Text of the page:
- A record is ‘information created, received, and maintained as evidence and information by an organisation or person, in pursuance of legal obligations or in the transaction of business’ (BS ISO 15489 – 1:2001 Information and documentation: records management). The Public Records Act 1958 stipulates that ‘records are not only written records but records conveying information by any other means whatsoever’.
Tate’s definition combines these two definitions as follows for internal training purposes:
- Records are any recorded information, regardless of format, created, received and maintained as evidence by Tate in pursuance of all of Tate’s legal obligations, activities and business transactions.
- A semi-current record at Tate is a record that has been initially selected by the team responsible for the activity to be retained for up to twenty years and then appraised for permanent retention.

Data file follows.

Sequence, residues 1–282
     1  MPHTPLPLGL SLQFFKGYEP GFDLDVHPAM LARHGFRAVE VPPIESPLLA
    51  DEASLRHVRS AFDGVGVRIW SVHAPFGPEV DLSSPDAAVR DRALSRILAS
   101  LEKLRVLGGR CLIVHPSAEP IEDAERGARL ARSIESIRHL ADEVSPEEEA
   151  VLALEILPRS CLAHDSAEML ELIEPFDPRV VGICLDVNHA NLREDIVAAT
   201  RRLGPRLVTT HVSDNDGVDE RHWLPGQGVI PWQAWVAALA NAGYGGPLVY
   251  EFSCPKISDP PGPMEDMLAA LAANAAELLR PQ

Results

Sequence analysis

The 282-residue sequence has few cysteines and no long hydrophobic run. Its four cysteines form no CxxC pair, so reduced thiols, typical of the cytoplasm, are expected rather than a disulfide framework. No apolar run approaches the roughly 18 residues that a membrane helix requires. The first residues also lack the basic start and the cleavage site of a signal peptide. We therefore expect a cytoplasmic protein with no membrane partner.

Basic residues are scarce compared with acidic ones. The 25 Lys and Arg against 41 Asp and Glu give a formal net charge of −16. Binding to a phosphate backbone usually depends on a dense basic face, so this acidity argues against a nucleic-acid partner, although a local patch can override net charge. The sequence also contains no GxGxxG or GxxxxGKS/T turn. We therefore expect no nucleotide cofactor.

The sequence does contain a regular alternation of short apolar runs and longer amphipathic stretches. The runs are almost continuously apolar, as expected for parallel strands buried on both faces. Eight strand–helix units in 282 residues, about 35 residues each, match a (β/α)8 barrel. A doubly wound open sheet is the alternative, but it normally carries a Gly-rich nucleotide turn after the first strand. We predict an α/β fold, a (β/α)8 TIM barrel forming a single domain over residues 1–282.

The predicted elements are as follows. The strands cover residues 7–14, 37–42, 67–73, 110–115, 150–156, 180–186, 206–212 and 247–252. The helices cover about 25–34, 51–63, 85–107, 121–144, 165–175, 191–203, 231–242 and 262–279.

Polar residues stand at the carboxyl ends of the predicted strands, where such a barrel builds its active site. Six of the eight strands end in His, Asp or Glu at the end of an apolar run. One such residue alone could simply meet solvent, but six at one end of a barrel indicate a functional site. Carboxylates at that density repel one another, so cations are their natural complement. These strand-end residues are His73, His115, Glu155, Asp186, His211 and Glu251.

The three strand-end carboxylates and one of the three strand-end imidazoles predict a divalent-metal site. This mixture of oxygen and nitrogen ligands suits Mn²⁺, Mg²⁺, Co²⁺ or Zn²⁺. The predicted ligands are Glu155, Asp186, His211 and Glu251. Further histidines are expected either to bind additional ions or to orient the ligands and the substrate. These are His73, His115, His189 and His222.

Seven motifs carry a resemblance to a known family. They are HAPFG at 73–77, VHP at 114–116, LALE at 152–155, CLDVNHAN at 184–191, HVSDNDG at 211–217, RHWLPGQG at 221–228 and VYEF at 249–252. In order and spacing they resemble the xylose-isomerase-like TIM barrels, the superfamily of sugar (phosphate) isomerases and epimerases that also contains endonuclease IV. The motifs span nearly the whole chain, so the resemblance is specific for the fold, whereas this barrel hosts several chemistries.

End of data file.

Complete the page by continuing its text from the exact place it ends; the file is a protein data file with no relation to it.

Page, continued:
All information held by Tate is subject to the Public Records Act 1958 and subsequent legislation.
- Records management is, therefore, ‘the field of management responsible for the efficient and systematic control of the creation, receipt, maintenance, use and disposition of records, including processes for capturing and maintaining evidence of and information about business activities and transactions in the form of records’ (BS ISO 15489 – 1:2001 Information and documentation: records management).
- The ‘shared’ drive is how Tate staff create, manage and access the documents they produce as part of their work at Tate. Several drives exist at Tate including:
- The ‘Project’ drive – a shared drive used by a small group of people who still need access to the capital building projects;
- The ‘I’ drive – this holds images, mainly created before the creation of the main shared drive. There is a separate drive used by the Photography Team for short-term storage of images.
Terminology specific to this methodology include: